THE British Medical Association, the United Nations, and the World Health Organisation are all agreed: we are in the grip of a dangerous “infodemic”.

It consists of people peddling ever more ridiculous anti-vaccination conspiracy theories on social media, spreading the virus of fake news and hampering our efforts to halt Covid-19.

Last weekend, half the people booked for their jag at the Hydro in Glasgow failed to turn up. Some were doubtless derailed by unforeseen domestic circumstances or late notification. Too many others had managed to persuade themselves that the vaccines developed to combat the pandemic could cause everything from infertility to an alteration in your basic DNA.

Loopy conspiracies being fed to sceptical surfers include Covid being a hoax, being caused by 5G radiation, or a cunning plan dreamt up by big Pharma, Bill Gates or both.

The American variants on this dangerous nonsense include biological warfare, microchip implantation, or aliens. You don’t have to be crazy to spread this brand of idiocy but it probably helps.

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We have been here before. When one rogue doctor (happily now struck off) invented some “evidence” that the triple MMR jag to immunise children against measles, mumps and rubella might cause autism, thousands of parents opted out. The predictable result was a spike in sometimes fatal childhood diseases we’d almost eradicated.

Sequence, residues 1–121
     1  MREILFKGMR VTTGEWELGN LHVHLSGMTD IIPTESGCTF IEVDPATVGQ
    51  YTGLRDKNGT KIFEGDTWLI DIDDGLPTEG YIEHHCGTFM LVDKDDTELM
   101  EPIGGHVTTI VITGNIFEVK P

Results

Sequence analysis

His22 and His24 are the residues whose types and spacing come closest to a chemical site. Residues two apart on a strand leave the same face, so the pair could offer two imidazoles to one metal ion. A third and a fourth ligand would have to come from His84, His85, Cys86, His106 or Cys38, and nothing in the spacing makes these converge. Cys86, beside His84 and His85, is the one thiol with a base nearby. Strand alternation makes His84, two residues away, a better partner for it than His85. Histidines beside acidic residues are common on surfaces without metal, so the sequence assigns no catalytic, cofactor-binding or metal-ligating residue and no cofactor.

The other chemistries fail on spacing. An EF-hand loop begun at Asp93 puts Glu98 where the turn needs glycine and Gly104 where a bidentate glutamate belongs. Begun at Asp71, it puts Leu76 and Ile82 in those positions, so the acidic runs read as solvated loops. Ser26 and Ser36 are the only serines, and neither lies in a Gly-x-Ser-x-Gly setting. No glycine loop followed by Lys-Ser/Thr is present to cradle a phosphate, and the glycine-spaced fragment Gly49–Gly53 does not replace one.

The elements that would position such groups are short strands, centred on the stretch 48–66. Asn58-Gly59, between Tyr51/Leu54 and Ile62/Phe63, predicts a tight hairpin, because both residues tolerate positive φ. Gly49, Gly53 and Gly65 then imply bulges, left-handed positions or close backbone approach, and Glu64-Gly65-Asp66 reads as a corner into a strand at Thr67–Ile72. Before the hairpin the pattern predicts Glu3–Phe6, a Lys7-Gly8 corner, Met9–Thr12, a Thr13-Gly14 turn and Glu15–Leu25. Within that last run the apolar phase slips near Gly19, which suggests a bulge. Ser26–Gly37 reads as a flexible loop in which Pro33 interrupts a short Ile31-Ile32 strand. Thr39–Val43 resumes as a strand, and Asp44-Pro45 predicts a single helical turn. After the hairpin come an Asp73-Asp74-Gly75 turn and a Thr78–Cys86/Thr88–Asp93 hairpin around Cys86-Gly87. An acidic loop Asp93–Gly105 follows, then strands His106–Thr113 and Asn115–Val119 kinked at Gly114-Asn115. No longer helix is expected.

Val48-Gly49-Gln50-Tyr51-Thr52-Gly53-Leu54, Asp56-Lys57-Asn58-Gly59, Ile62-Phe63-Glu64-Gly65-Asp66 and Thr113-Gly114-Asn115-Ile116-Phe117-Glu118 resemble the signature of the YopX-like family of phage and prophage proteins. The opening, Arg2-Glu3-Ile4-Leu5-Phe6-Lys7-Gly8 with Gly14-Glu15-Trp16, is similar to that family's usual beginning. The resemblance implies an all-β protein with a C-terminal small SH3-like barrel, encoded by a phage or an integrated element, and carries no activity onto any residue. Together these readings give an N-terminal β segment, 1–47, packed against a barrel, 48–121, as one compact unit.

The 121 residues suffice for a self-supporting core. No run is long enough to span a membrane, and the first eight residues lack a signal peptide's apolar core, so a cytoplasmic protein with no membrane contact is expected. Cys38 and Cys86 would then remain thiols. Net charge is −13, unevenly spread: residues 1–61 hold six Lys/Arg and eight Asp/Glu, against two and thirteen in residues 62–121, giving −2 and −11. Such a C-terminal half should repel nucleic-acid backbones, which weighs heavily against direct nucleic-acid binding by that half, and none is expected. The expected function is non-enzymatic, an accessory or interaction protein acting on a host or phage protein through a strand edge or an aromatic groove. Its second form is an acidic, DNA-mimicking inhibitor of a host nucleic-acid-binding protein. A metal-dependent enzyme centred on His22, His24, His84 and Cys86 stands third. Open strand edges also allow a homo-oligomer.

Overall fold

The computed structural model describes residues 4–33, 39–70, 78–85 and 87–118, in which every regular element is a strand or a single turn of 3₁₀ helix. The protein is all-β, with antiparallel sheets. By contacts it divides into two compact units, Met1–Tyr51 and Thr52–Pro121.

Vaccine refusniks often like to portray themselves merely as citizens exercising a right of individual choice. It’s not as simple as that. The development of vaccines is regarded by all serious medical sources as one of the greatest strides in modern medicine.

The entire point of mass vaccination is to ensure that there is a sufficient percentage of the population immunised to protect us all. Opting out is, rather, a purely selfish choice which endangers us all. And themselves.

It is not, of course, serious medical sources, who are stuffing online sites with ever more fanciful fakery. The players in this damaging game, not at all incidentally, hoover up millions from the advertising embedded with their messaging.

People who seriously care about their family, their community, and their health service should not imbibe advice from voodoo websites.

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